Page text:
Big prices for tiny clothes

 I CAN hardly believe how much girly-ness one small person can inflict  onto a family, but sure enough our daughter has us tripping over dolls and pink stuff at every turn.

A big shock to the system was discovering how much dolls clothes cost.

What an utter rip-off. £17.99 for a tiny plain doll’s dress and knickers? That’s more than I pay for clothes for the actual kids. And £5.99 for five doll-sized nappies? It costs less for a pack of 30-odd real ones!

When we finally had a daughter after three beloved sons, I thought we’d escape most of the uber-girl stuff by virtue of her being around boys all the time. Guaranteed tom-boy. None of this gender-stereotyping for my girl.

But since she’s met other girls ( apparently I don’t count), she’s become fixated by dolls, tea-sets and cleaning. So much for the liberation of women.

She’s recently been stripping her dolls of their boring babygros and wrapping them in blankets.

So when some birthday money arrived, we took her to buy some outfits for her dolls. Her 20 quid went on a multi-pack of three girl-doll outfits.

Problem is, one of her three dolls is called Ron.

When we got home we had a grand trying-on session, with me crossing my fingers that Baby Annabel, the chunkier of the three, would squeeze into snug jeans and a t-shirt.

Meanwhile, Baby Ron now sports a pair of pink joggers and a cap-sleeved top.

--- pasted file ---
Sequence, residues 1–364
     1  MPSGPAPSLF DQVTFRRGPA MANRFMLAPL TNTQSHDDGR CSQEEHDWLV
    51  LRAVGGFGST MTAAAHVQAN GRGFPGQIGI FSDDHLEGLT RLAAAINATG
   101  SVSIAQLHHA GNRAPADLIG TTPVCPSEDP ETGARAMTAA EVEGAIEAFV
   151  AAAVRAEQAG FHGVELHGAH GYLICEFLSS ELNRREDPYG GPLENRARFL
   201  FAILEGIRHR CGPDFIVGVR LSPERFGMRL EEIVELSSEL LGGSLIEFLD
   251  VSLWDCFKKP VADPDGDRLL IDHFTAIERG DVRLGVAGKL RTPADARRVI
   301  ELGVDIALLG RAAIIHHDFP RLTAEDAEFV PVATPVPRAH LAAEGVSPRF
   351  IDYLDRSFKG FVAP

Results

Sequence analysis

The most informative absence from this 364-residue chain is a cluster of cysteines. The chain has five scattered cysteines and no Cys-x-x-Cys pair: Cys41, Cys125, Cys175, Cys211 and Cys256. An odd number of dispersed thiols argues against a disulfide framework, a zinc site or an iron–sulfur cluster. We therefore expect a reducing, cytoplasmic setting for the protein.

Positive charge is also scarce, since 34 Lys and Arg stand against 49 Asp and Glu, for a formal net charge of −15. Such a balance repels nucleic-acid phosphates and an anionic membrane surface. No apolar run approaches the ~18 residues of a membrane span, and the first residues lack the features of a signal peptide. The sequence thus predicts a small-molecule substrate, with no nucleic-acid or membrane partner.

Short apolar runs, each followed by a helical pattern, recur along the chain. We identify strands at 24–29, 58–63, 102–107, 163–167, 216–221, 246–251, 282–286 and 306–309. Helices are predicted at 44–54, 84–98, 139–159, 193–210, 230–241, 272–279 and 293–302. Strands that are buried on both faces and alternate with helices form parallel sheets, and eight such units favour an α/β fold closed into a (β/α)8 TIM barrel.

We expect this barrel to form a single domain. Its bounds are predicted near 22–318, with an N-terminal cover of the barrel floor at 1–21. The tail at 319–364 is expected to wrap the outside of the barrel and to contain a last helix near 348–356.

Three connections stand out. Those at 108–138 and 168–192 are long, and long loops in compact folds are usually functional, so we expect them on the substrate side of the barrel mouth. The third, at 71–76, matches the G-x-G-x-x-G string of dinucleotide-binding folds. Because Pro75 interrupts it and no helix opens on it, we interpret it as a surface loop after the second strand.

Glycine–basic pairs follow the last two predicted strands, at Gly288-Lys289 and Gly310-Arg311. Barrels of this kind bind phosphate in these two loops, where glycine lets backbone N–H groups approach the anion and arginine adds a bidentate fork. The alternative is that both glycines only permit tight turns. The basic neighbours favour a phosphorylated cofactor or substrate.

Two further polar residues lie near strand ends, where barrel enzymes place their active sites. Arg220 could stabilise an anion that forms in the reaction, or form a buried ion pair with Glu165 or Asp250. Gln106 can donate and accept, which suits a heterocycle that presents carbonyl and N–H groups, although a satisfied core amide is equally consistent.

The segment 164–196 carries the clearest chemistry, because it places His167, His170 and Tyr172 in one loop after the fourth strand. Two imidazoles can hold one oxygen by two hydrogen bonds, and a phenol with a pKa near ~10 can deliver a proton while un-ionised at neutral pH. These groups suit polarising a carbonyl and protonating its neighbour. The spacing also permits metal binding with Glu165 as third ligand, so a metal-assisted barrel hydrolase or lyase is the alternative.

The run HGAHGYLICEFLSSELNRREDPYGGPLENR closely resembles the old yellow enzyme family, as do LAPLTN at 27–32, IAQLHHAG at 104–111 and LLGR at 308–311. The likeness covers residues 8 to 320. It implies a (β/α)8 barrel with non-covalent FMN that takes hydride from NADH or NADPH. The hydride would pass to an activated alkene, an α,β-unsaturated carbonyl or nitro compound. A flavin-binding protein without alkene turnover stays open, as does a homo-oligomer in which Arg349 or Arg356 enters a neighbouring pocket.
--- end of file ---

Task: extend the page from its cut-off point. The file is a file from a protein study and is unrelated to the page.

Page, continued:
When I suggested that Baby Ron might actually now be a girl doll rather than a boy doll, she replied firmly: “No, he’s still a boy.” I sincerely hope she stays as non-judgemental and open-minded her whole life.

Having bleated to other parents about the price of dolls’ clothes, I heard two great tips:

The first is never to buy doll’s toys new, but to trawl eBay and car-boot sales for second-hand items. The other is to search charity shops for premature or under-weight baby clothes, which apparently fit most dolls just fine.

My own tip is to use grandma. My mother is a brilliant seamstress and first-class knitter. She makes jumpers for the boys that they actually wear, and very funky hats and ponchos for Bonnie. So I’m going to ask if she’ll make some clothes for the three dolls, Ron, Annabel and Vanessa.

I can see Ron now, in shirt and trousers made from granddad’s old clothes. If I can get her to knit Ron a cardie and make him a cap, it could even be a full-granddad outfit. Needles at the ready Mum?

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